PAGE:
Thanks for that Ed - so if the Marshall HD 7" was not good enough for fine focusing, did you also use something along with it, or did you just do the best you could with what you had? What did you use to power the monitor and what was the power consuption rate... would you recommend any other small monitor type that would be better for fine focus control... sorry to nip your head with so many questions... many thanks

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Old February 12th, 2006, 03:31 PM   #15
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I think shooting from sppedboats or helicopters, at least to an extent we should be able to rely on a few auto features given teh conditions, and/or keeping the zoom pulled and still gather at least reasonably usable footage. I too have shot footage in odd conditions with the camera from the back of a truck to the back of a snowmobile, I too found that the footage gathered was unusable. Not due to my profesional accumen or ability as a shooter. Like any camera the hd100 performs best locked off on a tri-pod. However, the versatility of the camera is most questionable. Adujusting the eye cup or pressing harder on the rec button would not have made the issues at hand avoidable. the camera has served me well for gathering interview footage, but it seems when the camera is used in moving situations it comes up short. I'm certain that there will be some tweaking to the cameras optical stabalization in future revisions.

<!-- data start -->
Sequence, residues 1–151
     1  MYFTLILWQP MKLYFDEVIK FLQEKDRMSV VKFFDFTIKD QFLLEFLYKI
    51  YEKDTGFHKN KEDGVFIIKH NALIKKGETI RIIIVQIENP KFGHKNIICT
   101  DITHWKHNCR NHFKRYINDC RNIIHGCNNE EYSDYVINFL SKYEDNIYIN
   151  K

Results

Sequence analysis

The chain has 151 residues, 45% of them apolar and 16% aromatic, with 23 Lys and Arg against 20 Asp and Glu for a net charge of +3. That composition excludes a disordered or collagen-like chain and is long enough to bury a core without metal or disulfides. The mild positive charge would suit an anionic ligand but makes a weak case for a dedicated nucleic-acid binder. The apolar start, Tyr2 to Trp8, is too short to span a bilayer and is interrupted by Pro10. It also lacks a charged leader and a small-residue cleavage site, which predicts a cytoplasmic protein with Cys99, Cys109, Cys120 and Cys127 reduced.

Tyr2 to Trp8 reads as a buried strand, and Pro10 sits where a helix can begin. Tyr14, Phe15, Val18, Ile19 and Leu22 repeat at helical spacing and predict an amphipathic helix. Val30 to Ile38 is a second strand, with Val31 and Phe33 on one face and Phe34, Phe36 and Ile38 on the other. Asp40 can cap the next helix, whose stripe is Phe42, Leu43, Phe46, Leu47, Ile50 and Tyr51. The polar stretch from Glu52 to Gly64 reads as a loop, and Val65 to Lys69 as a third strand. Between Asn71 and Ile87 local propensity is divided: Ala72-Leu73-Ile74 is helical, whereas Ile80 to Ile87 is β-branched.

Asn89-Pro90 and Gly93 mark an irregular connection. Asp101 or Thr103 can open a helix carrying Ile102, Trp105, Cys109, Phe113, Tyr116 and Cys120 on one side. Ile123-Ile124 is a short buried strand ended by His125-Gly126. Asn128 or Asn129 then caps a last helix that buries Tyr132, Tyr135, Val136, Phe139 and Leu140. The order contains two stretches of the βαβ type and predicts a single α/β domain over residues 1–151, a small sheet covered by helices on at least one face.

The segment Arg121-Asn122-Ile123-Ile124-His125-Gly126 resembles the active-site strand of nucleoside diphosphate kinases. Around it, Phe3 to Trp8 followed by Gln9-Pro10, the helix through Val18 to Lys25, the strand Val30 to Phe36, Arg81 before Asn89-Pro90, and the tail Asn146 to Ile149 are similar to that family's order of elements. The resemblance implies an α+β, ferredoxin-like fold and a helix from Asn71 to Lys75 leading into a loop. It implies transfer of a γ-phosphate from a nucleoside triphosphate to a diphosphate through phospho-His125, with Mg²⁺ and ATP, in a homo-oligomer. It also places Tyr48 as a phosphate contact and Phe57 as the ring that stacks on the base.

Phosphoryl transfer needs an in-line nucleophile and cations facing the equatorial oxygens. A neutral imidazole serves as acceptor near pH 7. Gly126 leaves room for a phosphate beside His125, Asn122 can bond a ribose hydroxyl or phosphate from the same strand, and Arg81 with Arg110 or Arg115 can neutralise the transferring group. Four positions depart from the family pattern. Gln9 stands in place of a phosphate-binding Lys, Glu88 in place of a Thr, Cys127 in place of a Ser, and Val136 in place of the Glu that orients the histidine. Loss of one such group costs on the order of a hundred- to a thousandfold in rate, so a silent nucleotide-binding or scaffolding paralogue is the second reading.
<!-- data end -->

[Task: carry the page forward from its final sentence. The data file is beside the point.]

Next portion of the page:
for now the camera as is will have to suffice. for the money I've come to accept you can't ask for much.